It is amazing how easily the mind creates problems. Everyone has problems; I’m sure you could name at least a handful of things off the top of your head that you consider to be problems in your life right now.
I used to look at things this way, too. When I would walk into work and one or two of my co-workers called in sick, I would get angry. I would stew in this anger for hours, internally bitching at this problem. I would get in a negative mind-space and carry an attitude.
Not long after, I would get the task completed, whether my co-workers were there to help or not. I realized that I was capable of handling this problem on my own. But still, the next time a co-worker wouldn’t show up, I would get in the same negative frame of mind and stew in anger for hours until the job was once again completed.
Recently, however, I started looking at “problems” differently. Thanks to Eckhart Tolle’s writing in “The Power of Now,” I now look at problems as “situations.”
Tolle’s writing focuses on separating ourselves from our mind and the “reality” that it creates for us. Here, Tolle addresses how real-life situations get translated into mind-made problems.
“If you found yourself in paradise, it wouldn’t be long before your mind would say “yes, but. . . .” Ultimately, this is not about solving your problems. It’s about realizing that there are no problems. Only situations — to be dealt with now, or to be left alone and accepted as part of the “isness” of the present moment until they change or can be dealt with. Problems are mind-made and need time to survive. They cannot survive in the actuality of the Now.”
This paragraph reminds me of this quote from Charles R. Swindoll: “Life is 10% what happens to you and 90% how you react to it.”
Little annoyances and inconveniences pop up throughout our days no matter where we are or what we do. This is the 10% — so small that it should weigh no true impact on the remainder of our day. Yet we blow these issues out of proportion, acting as if they are the 90% — accepting that we are “having a bad day” or “have bad luck.”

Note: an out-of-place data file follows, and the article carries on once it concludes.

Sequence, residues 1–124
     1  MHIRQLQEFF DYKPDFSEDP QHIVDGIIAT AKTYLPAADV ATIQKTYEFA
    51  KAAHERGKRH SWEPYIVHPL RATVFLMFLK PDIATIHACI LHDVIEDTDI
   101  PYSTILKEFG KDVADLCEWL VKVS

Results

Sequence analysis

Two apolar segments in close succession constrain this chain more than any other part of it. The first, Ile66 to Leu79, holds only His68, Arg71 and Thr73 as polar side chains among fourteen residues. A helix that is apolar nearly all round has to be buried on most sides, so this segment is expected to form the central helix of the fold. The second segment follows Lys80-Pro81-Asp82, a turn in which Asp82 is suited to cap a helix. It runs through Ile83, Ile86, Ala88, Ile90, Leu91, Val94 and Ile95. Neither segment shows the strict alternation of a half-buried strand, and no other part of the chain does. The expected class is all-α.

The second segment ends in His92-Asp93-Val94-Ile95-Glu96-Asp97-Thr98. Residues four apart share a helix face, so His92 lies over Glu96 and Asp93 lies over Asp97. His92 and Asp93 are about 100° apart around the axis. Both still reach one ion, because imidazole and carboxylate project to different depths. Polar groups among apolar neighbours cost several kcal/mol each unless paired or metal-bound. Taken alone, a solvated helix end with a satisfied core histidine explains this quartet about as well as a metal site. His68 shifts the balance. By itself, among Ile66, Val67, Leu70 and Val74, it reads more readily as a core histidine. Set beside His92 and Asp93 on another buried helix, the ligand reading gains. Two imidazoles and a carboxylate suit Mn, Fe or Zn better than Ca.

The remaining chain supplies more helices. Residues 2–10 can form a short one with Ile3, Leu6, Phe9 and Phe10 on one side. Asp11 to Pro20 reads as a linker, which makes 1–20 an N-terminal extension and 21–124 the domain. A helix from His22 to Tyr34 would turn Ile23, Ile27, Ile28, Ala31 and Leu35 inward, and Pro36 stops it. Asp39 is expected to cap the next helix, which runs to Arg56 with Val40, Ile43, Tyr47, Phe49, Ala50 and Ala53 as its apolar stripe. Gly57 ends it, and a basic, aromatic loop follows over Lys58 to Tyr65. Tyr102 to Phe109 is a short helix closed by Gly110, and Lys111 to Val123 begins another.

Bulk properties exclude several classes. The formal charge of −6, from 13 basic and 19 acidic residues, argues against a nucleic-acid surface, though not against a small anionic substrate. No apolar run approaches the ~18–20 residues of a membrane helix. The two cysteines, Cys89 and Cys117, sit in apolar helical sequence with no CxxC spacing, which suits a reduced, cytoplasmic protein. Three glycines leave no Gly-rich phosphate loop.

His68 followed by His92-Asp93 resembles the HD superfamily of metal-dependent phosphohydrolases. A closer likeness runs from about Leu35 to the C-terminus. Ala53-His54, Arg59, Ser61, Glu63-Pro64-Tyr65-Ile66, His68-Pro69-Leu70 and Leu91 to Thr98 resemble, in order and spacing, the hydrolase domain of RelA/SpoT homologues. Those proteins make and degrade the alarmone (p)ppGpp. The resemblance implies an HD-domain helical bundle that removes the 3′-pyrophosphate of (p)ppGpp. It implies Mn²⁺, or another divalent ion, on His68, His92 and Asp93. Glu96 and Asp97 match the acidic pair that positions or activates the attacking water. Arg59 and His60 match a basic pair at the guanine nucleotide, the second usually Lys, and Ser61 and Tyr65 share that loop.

If we were to simply accept them as they are — meaningless speedbumps — our minds would be able to stay clear and ready to focus on more important tasks or situations.
You will be confronted with situations you don’t like every day. If you allow those situations to turn into problems, you allowed your brain to create a negative that you will then have to stew in before realizing just how meaningless it is.
When confronted with a situation, ask yourself: “Can I fix this right now?” If the answer is yes, fix it, and it will no longer be an issue. If you can’t, accept it for what it is and move on. Your brain is meant to be used as a tool for far more important things than short-term concerns. Don’t waste your precious brainpower on trivial issues.
Next time something annoying happens at work or you get cut off in traffic, determine whether the situation can be resolved upon your action. If not, accept it and move on. Don’t allow your mind to seep into negativity.